WhatsApp, the the wildly popular messaging app, named for it’s play on the phrase “what’s up,” has recently released a statement saying that they would be returning their service to the whopping price of FREE. This is good news for WhatsApp’s over 990 million active users, double what it was just two years ago. If you signed up prior to 2013 (the app launched in 2009) you were grandfathered into continued use of the app for free. Otherwise after your first year free, you paid 99 cents each year. WhatsApp has said that that’s not how they want to do business so they’re returning to the way it was when they first launched. They will also offer their service ad-free.
WhatsApp is extremely popular in Latin America and dominates the global messaging game. Of mobile phone internet users in Brazil, 93 percent actively use the app and correspondingly, 84 percent in Argentina. It is similarly popular across the globe (excluding the US and China) with 81 percent of internet users in Italy and 77 percent throughout the Middle East using the app for example. Brazil and Mexico alone comprised 38 percent of WhatsApp users when there were half as many worldwide users. With its still growing popularity, one can only imagine what it is now. Yet only one- third of internet users from the United States have downloaded the app. So why is it so popular internationally but not here in the US?
In the United States we have flat rate SMS texting that comes standard on nearly all phone carriers whereas in other countries it can cost on average $0.11 per text. This is not the whole of it though. It is because the US caters solely to the domestic market. The rest of the world is on the globalization train with friends and business taking place in neighboring countries and across the globe. The app is necessary to chat with friends abroad. International text messaging in the US is expensive regardless of carrier but in general we have less of a focus on making and maintaining these friendships. “Internationalism isn’t part of our cultural framework.” The one- third of US app users are primarily travelers or people who have been abroad. Students going abroad will download the app before leaving and even if they don’t get a local phone number once they arrive, they can give out their US number.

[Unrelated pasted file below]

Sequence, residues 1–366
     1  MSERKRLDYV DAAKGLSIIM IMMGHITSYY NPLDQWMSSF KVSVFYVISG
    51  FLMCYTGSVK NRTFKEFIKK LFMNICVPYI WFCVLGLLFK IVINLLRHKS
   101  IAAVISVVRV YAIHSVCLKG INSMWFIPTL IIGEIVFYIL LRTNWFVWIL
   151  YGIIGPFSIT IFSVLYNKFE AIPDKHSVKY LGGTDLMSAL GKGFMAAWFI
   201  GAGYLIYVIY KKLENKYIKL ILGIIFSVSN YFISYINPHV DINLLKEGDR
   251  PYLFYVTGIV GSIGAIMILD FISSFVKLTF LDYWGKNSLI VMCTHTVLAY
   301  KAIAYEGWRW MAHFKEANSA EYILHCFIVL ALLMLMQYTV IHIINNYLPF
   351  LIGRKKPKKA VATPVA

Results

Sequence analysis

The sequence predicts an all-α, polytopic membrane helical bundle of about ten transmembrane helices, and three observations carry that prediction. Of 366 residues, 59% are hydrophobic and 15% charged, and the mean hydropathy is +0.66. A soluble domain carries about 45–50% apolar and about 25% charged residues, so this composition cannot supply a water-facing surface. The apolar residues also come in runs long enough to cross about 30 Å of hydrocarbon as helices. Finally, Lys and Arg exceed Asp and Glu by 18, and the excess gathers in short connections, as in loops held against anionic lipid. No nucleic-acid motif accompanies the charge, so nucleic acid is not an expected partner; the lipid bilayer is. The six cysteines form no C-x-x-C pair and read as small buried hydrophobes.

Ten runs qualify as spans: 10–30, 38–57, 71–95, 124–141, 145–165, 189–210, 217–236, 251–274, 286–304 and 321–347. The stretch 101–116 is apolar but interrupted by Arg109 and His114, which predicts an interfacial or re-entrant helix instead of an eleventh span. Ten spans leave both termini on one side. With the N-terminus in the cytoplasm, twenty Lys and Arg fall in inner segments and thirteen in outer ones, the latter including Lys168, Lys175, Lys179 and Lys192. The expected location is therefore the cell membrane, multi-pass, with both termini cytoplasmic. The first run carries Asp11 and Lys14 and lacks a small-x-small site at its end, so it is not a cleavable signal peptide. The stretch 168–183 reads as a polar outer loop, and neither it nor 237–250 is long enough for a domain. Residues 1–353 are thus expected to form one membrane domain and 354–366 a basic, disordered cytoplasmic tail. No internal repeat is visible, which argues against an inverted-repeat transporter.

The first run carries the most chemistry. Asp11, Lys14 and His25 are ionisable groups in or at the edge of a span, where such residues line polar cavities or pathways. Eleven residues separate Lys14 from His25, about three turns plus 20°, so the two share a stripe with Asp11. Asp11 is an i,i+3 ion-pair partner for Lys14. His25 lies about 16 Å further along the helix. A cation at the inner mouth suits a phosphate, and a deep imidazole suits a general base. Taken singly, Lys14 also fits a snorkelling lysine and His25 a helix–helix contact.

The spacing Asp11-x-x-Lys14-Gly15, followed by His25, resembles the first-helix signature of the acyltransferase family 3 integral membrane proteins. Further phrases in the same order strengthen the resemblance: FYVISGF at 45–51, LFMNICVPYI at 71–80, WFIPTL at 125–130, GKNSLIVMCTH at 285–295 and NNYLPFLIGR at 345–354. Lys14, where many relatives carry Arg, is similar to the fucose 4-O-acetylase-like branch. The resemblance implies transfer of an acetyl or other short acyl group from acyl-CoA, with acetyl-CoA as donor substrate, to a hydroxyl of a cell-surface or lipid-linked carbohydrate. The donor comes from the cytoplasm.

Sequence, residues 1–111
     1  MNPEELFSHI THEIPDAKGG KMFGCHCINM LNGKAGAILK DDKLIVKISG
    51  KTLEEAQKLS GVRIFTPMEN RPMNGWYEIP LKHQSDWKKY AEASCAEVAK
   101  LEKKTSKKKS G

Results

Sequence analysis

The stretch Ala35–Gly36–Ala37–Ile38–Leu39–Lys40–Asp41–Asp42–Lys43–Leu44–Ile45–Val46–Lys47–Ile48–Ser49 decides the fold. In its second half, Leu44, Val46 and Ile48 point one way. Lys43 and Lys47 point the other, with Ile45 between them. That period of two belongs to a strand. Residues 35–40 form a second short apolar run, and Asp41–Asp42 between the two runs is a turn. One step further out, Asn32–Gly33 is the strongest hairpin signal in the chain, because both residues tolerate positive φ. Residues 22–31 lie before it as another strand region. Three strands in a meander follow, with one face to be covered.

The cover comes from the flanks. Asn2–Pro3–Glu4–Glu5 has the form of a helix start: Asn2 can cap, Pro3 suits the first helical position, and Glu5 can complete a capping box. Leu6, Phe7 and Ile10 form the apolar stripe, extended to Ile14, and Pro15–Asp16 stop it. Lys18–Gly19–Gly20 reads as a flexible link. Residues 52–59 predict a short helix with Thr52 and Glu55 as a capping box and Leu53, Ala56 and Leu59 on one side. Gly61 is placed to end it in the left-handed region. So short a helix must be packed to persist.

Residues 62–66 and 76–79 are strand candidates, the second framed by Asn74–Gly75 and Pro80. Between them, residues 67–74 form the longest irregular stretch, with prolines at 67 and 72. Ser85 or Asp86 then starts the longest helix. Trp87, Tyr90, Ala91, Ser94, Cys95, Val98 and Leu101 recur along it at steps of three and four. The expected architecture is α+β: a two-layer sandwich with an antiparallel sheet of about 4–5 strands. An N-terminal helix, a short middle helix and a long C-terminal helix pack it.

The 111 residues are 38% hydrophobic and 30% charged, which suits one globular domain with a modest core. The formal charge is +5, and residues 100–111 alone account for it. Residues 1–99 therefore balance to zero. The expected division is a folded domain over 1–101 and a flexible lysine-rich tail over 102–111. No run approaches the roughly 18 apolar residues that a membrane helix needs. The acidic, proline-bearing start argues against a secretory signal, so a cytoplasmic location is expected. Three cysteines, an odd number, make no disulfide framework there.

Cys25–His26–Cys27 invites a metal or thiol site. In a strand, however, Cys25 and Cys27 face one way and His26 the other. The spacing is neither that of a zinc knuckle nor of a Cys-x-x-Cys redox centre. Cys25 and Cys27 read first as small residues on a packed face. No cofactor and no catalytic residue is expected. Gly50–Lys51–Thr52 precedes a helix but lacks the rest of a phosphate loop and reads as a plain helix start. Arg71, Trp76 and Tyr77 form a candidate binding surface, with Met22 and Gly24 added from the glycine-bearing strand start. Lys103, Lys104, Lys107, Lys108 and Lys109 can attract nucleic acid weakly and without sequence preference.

In Latin America though, the use of WhatsApp facilitates daily communication and has practically replaced texting (even within their country’s borders). WhatsApp is perfect for the developing world where less mature carriers means a higher dependence on the app. WhatsApp is also extremely accessible across devices: iOS, Android, Blackberry, etc. as opposed to a service such as FaceTime or iMessage which are for iOS users only. It is also better for people who like to keep their chats disassociated from their Facebook profiles. WhatsApp utilizes phone contacts instead of Facebook friend contacts (like Facebook Messenger does). So have you downloaded WhatsApp yet?
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